Importance of Lighting in Photography
In simple words photography can be defined as capturing of moment with a device called camera. And in technical terms it can be defined as drawing with light or capturing light with the help of a device called camera. So it is very clear that in absence of light photography is not possible. We need a sufficient amount of light to click a picture.
The word "Photography" is derived from the Greek words photos ("light") and graphy ("to draw"). This word was first used by the scientist Sir John F.W. Herschel in 1839. We can define photography as a method of recording images by the action of light, or related radiation, on a sensitive material.
Light is fundamental to photography. It is the most important element in photography. Even the term itself means "writing with light". Light determines how your photographs will look.
The light is more important than the subject, because we can’t see the subject itself. We can see only the light which subject reflects. Beginner photographers notice the subject, and the professional one follows the light.
It will define texture and structure of your subject. Creative use of light will allow us to add three-dimensional feeling to the flat, two-dimensional world of the photographic medium. Even light itself can be the subject of a photographic image. By understanding the impact of light, you will be able to have a more creative approach to your photography.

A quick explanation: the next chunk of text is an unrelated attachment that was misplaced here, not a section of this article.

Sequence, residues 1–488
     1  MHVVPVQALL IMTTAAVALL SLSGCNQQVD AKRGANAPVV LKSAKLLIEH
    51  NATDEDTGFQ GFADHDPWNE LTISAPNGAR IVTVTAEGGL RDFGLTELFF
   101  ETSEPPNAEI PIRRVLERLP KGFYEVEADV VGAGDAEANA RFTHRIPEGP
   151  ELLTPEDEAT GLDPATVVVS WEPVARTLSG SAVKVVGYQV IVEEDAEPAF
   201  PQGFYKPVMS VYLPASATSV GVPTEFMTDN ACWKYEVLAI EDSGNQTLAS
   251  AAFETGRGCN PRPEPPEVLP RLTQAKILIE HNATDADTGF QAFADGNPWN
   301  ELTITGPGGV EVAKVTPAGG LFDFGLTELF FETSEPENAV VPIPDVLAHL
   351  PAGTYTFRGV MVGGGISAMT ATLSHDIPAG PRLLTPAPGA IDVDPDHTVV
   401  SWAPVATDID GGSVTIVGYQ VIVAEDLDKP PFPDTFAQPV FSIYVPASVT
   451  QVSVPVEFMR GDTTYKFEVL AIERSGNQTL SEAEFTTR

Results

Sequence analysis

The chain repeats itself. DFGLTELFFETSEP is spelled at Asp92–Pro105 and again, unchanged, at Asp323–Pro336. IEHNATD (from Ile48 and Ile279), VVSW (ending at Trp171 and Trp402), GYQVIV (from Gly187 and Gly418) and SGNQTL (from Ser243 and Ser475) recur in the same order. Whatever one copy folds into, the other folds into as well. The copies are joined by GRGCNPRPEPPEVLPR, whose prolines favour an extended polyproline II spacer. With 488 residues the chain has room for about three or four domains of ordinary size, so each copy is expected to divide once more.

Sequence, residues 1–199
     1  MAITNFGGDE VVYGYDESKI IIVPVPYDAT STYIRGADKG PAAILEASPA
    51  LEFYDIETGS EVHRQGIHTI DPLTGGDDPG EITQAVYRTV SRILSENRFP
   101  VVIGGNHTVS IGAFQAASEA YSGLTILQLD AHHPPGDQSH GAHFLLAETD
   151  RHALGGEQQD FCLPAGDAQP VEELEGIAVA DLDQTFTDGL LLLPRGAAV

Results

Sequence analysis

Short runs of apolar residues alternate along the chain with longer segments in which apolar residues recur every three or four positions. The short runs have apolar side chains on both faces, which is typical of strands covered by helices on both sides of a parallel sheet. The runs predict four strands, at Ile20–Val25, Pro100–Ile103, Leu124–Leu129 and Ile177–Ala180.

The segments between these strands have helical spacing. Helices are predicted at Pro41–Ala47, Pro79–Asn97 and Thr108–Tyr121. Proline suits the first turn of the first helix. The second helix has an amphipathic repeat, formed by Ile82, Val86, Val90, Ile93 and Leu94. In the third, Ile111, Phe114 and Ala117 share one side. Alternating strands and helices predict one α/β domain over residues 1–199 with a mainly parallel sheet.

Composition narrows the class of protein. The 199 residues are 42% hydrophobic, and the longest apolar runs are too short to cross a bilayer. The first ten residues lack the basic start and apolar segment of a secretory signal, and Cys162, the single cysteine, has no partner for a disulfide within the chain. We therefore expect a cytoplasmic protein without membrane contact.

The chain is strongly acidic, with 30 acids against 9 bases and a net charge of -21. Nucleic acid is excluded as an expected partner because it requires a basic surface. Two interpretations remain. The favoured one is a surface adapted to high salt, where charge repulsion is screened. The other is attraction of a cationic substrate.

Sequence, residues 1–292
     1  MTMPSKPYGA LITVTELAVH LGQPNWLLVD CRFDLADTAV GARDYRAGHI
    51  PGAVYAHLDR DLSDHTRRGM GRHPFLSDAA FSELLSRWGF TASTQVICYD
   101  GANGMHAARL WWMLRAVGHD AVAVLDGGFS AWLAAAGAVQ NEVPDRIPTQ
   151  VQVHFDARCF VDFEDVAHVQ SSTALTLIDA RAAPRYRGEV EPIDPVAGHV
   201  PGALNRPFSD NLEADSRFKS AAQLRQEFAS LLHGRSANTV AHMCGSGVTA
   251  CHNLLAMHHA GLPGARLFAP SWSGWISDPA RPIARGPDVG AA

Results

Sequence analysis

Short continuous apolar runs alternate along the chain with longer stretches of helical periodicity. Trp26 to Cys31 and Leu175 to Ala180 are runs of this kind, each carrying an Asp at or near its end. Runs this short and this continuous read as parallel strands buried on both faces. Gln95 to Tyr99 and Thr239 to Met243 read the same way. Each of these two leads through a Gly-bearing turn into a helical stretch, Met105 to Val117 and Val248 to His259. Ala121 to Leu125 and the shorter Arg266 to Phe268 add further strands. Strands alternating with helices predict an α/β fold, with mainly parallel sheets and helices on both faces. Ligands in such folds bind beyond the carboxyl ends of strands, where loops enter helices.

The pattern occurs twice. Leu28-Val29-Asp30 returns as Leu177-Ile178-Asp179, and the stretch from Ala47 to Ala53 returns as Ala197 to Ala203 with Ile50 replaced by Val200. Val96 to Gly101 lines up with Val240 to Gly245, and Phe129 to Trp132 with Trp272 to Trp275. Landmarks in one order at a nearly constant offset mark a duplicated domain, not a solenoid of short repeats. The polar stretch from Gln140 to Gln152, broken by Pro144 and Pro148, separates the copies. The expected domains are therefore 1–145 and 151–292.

There are only two sources of light: natural and artificial. Natural light is also referred to as available or existing light. Sun and the moon are considered the best light sources. These lights often invade indoors and make natural shots come alive.
While artificial sources of light include the ordinary bulb, the tungsten halogen lamp or the bright photoflood.
Artificial light sources can be usefully classified into three types:
- Direct or point-like,
- Diffuse, and
Each type of light source gives picture specific characteristics. The fabled "good light" largely means a balanced mixture of the three.
Direct light is emitted by a small, bright, and point-like source, and shines directly onto the subject. Some important point-like sources are the sun, a flash gun, and some forms of interior lighting. Direct light causes sharply defined, deep shadows and flattens out three-dimensional detail. The line dividing light and dark is sharp, and there is little or no gradation from fully lit to fully shadowed. Multiple point-like sources cast multiple shadows and result in multiple zones of varying darkness.
Diffuse light emanates from a large light-emitting or light-reflecting surface.
It causes soft shadows and an even gradation from light to dark, emphasizing three-dimensionality and shape. A cylinder in diffuse light looks clearly cylindrical, with the fully shadowed areas completely black, the side directly facing the light source completely white, and the in-between areas shades of gray.
The size and softness of the shadows depend on the size and distance of the light source: a diffuse light source that is very far away turns into a point-like light source.
Ambient light is usually something of a theoretical concept: the sum of all the light that gets reflected around the scene. For example, there is always some light in the shadows even on the clearest day, due to reflection from surrounding objects. Ambient light casts no shadows; instead, it fills them in.
Dept. of Communication Studies